Photos from the Cable & Telecommunications Human Resources Association's annual Symposium and Awards Luncheon, held in Atlanta on May 2.
Sprite Slam Dunk Contest Needs More Fizz
Defending champion Jeremy Evans jumped over a covered canvass to deliver a nasty, left-handed jam. Next, he pulled off the black drape, revealing a painting of himself soaring with his southpaw. He then autographed the rendering for good measure in his final performance of the 2013 Sprite Slam Dunk Contest.
For his first dunk in the final round, Raptors forward Terrence Ross donned a vintage Vince Carter Toronto uni, and after receiving a pass off the side of the backboard from Rockets forward Terence Jones, leapt into a leaning twister.
If the former gave new meaning to the concept of life imitating art, Ross’s rise was more akin to Andre Igoudala's 2006 Sprite Slam Dunk Contest efforts, which somehow placed second to Nate Robinson that year, than Vinsanity’s Half Man, All-Amazing performance in 2000. This is meant as no disrespect to Michael Jordan, whose 50th birthday on Feb. 17 is the unofficial theme of the All-Star Weekend festivities --the last of which commissioner David Sterm will preside over -- in Houston, but Carter’s set that night in Oakland marked the greatest jam session ever.
That certainly wasn't the case on Saturday night. Jazzman Evans (starting from the right sideline, he eventually succeeded in jumping over former Utah center Mark “Mount” Eaton, who was seated on a Sprite cube holding the ball, for a one-motion reverse) and 2013 winner Ross (amazingly, he scored an opening-round 50 for a fifth-time’s-the-charm, wrap-around-the-waist slam) were among the complicit competitors, who collectively found the unprotected iron unkind far too many times -- no doubt to the dismay of Tim Brando and viewers around the world.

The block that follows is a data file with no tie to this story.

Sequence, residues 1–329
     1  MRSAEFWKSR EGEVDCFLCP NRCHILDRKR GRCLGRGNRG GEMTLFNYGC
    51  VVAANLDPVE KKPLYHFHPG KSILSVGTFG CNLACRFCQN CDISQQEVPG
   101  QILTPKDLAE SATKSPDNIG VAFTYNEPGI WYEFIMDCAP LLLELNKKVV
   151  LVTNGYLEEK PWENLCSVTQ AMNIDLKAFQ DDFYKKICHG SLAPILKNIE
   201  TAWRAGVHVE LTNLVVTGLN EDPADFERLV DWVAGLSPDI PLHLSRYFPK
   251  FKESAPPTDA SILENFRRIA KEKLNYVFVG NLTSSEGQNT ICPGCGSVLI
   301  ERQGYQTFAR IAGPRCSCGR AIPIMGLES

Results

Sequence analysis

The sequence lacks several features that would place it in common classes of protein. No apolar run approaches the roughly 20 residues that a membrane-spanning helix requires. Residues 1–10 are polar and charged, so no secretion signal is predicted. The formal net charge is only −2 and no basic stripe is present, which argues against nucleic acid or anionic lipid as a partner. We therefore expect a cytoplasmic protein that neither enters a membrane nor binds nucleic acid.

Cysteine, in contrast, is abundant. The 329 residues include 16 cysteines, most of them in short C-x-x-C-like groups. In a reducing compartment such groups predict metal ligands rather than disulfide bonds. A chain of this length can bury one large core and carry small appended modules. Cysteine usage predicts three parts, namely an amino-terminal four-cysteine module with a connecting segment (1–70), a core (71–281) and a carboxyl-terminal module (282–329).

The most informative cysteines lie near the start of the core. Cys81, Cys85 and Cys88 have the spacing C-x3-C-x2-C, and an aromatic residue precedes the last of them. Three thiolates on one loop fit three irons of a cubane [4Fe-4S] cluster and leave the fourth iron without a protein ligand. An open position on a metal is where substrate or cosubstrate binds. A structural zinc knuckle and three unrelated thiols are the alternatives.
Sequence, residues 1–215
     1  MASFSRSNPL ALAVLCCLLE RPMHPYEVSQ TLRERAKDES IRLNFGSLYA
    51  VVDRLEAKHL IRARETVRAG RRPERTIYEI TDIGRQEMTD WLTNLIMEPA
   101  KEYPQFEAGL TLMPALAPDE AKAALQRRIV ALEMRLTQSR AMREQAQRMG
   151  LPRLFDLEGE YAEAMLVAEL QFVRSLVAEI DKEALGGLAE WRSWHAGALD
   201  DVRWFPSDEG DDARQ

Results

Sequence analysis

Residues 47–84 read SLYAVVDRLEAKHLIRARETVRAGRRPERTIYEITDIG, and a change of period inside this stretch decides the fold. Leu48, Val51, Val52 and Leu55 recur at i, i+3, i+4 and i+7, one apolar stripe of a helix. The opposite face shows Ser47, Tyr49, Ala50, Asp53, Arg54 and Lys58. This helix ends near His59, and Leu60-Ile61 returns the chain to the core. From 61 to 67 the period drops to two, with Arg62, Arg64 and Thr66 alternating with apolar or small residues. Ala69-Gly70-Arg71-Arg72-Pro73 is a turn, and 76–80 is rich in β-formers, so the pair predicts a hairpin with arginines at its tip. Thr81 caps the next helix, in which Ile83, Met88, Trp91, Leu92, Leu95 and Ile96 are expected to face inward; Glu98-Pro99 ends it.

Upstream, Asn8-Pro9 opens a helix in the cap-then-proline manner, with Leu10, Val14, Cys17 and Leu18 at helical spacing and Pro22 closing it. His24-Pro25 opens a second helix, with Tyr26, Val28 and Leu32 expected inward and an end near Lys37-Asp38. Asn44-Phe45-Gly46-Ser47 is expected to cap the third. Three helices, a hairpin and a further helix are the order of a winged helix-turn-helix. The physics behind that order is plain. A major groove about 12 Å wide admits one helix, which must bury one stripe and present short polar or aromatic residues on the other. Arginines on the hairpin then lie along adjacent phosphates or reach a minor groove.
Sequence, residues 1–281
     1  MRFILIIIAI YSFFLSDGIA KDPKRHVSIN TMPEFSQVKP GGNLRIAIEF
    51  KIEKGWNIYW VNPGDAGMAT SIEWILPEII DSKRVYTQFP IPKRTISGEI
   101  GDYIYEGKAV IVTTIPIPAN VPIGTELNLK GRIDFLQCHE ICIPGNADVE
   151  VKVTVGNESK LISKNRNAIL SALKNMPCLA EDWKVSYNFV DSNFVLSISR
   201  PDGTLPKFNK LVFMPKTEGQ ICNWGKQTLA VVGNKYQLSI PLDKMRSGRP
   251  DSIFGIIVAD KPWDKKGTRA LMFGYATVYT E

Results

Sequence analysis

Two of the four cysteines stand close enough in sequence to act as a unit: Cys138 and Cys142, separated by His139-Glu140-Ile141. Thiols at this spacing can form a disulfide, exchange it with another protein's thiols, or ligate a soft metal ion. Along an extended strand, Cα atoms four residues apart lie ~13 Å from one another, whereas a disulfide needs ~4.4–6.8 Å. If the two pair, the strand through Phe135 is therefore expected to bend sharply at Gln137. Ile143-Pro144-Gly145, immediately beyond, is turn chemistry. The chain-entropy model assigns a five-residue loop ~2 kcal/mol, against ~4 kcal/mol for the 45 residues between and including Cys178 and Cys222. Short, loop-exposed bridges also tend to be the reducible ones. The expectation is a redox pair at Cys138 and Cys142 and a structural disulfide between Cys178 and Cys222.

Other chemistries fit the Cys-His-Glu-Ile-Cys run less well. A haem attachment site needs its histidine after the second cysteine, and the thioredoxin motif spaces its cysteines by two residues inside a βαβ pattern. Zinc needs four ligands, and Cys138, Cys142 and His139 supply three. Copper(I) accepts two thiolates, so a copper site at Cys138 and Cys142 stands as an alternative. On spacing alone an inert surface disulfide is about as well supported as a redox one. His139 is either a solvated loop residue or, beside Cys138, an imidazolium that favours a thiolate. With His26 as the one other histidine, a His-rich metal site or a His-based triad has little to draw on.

James White came highly hyped courtesy of YouTube clips, including a Russian contest against 2007 Sprite Slam Dunk champion and current Indiana Pacer Gerald Green (whose opening-round, head-ducking jaunt underneath the left side of the backboard may have been Saturday night’s best), extolling the journeyman’s various foul line flushes. Those have included a through-the-legs throwdown from 15 feet out. But he now Knick essentially whited out on the big stage, managing just one dunk -- albeit a two-hander from the free throw stripe -- in two rounds. Perhaps he should have practiced in the week leading up to his too-little moment at the Toyota Center.
Green also came up empty in his second round: He cut down the net as a foil to dunk the ball with his right hand and then cram it with the other in one motion. After time had expired, he managed to complete a modified version of his goal at the goal: After dunking right-handed, he held himself up on the rim and finally got the left to go down.
During the All-Star Saturday Night postscript, TNT’s Charles Barkley perhaps said it best:"We've got to find a way for the stars of the league [to participate]...The stars have to understand they've got to give something back to the game [and participate in the Slam Dunk]. We've got to get the stars.”
In recent years, Dwight Howard, then more Superman than today's Kryptonite version, came to dunk. Check out the reaction of best bud' Kobe Bryant (the 1997 winner) to Howard's behind-the-backboard hammer in the 2008 competition.
Where, Barkley asked, was 2011 dunk champion Blake Griffin? Where was The King? Unlike the former Lords of the Rim, Jordan, Dominique Wilkins and Dr. J did multiple times, LeBron James has never participated in the event.
In other words, fans and TNT executives need today’s top-level NBA stars to jump into the event the Jumpman once ruled.